This review was originally written for The Public Reviews.
After a successful revival of this 2008 play last year at the Trafalgar Studios, Jamie Lloyd has taken the production on tour. It is apt for the play to join the conversation along with the latest headlines on the Russian ban on homosexual propaganda and the discussion on gay footballers, by assessing how attitudes towards homosexuality have changed in Britain over the last fifty years.
The play looks at the relationship of Phillip, Oliver and Sylvia in 1958 and the same relationship in the present day. It follows the different stages of their relationship from meeting, breakup and reconciliation, jumping between the two eras. In 1958, Philip is married to Sylvia and she invites Oliver to dinner leading to an affair between Philip and Oliver. In the present day, Oliver has just broken up with Philip and Oliver is being comforted by his good friend Sylvia. And as the parallel of the two periods continues and their relationship develops and deteriorates, the play explores how the different sensibility of the times affect their choices and behaviour and their approach to their relationships.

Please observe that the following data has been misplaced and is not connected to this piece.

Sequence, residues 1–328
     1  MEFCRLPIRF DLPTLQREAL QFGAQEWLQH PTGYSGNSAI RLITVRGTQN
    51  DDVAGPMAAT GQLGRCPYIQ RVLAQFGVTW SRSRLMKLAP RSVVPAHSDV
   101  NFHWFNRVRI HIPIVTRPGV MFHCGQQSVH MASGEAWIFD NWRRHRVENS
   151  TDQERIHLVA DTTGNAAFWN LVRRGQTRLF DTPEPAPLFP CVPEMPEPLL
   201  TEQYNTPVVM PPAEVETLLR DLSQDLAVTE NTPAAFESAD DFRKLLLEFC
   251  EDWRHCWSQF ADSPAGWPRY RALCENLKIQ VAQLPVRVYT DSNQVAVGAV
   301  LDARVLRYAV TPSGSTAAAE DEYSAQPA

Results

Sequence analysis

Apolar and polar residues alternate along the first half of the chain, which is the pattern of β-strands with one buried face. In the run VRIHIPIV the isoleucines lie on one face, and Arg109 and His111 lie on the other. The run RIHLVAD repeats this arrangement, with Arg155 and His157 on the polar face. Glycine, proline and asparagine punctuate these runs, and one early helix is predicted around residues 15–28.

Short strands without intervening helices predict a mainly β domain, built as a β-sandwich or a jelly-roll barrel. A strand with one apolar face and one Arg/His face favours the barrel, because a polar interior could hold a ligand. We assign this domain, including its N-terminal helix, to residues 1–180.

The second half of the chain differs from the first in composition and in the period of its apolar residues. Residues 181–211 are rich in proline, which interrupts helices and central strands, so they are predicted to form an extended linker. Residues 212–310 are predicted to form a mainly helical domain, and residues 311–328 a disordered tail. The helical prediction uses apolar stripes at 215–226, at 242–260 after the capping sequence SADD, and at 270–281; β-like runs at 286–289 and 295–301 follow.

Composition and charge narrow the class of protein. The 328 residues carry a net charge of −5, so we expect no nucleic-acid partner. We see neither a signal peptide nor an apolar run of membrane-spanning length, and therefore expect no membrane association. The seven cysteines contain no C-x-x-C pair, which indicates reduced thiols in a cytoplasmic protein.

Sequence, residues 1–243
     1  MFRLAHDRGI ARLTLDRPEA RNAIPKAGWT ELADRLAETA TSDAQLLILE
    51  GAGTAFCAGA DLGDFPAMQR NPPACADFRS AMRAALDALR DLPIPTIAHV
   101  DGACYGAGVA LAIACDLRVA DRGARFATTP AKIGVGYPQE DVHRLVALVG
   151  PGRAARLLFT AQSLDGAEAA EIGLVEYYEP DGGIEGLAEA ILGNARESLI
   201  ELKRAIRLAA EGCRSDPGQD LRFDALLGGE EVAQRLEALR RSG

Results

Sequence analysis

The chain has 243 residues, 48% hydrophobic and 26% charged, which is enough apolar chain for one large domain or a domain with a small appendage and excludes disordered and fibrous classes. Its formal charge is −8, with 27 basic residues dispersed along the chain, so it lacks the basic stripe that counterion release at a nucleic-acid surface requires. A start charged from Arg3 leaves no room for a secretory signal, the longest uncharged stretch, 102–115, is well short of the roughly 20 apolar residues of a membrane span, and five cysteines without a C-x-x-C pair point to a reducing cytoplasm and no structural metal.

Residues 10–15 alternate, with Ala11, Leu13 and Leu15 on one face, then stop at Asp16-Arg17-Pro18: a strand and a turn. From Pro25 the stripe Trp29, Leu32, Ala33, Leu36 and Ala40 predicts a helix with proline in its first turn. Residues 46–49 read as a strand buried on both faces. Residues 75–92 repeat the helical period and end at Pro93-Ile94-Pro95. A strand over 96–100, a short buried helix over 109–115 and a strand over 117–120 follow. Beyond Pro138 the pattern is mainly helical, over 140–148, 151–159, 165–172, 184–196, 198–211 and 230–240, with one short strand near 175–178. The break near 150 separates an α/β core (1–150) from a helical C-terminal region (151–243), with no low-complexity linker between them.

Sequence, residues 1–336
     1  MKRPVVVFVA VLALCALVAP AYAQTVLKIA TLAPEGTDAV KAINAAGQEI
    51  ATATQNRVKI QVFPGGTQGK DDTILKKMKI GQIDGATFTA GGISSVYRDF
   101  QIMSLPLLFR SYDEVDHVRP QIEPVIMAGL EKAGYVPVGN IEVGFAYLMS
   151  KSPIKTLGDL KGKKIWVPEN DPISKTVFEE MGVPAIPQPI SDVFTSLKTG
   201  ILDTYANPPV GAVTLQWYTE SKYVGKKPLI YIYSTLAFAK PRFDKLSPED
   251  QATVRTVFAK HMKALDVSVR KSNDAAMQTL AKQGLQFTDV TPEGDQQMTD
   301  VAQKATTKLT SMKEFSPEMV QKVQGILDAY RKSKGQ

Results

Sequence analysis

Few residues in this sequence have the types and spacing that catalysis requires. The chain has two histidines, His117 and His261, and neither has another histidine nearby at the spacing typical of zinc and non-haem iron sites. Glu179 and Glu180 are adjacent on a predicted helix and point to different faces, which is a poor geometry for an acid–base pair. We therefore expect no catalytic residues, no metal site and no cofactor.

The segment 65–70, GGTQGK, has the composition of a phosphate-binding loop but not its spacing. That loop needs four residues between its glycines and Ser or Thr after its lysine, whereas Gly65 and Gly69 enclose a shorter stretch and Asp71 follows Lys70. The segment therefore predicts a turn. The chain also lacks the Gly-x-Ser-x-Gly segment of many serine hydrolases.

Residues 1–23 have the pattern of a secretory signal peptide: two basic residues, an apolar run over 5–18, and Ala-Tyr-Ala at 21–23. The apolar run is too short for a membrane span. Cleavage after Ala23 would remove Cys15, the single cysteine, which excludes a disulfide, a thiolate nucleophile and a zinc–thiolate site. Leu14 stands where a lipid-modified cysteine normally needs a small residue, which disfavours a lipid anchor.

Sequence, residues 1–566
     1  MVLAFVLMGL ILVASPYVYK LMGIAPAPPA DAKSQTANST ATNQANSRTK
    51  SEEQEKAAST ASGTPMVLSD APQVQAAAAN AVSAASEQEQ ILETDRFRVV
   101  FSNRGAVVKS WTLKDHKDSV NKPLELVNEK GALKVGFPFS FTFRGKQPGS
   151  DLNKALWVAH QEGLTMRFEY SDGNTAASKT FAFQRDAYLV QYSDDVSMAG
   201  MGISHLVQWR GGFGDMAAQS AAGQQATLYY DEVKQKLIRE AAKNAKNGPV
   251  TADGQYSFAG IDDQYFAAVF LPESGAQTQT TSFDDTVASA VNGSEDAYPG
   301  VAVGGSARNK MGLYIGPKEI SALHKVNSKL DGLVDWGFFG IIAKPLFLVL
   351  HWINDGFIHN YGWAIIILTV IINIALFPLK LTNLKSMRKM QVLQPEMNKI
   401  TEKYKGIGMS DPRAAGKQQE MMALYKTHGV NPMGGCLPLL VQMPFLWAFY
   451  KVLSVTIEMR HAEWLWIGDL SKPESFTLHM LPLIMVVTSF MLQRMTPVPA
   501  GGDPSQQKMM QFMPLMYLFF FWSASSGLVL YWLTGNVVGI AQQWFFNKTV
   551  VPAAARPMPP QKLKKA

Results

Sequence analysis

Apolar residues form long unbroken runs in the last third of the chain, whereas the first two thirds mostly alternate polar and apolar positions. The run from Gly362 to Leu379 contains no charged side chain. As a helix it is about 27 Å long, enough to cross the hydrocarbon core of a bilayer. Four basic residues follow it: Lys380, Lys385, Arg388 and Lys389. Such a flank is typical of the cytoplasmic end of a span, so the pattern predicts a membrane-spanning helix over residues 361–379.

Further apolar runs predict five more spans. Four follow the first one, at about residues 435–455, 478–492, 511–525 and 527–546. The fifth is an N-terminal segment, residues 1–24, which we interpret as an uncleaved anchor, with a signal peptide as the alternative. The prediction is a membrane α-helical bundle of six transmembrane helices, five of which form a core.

It is an interesting device to use the same set of people at different period of time to look at the differences and similarities of how homosexuality is handled. The acceptance or nonacceptance of it, the universality of the pain of breaking up and the timeless nature of problems in any relationship are clear. But beyond that, the way the relationships play out is obvious and predictable. The rows and conflicts are overly dramatic and somewhat uninvolving. The director Jamie Lloyd does his best to liven up the action with some scene changes and swift costume changes and sound effects. But unfortunately, even the more jovial scenes do not quite balance the drama and engage.
This lack of involvement is certainly not due to any fault of the excellent cast. Harry Hadden-Paton is suitably uptight as Philip and the suppression of his feelings and urges is convincing. Al Weaver as Oliver is effeminate and not overtly camp, bringing out his emotional vulnerability especially in the modern day version of Oliver. Naomi Sheldon is fine as Sylvia but mostly has a reactive role. Mathew Horne as the matter-of-fact dominator in a Nazi uniform and the gay sensitive lads’ mag editor is certainly entertaining.
Perhaps something is lost as the production goes on tour but it is still an interesting play that highlights the issues discussed. It may not be hugely entertaining, but the acting and thoughtfulness of the writing means it will not disappoint.
Photo: Marc Brenner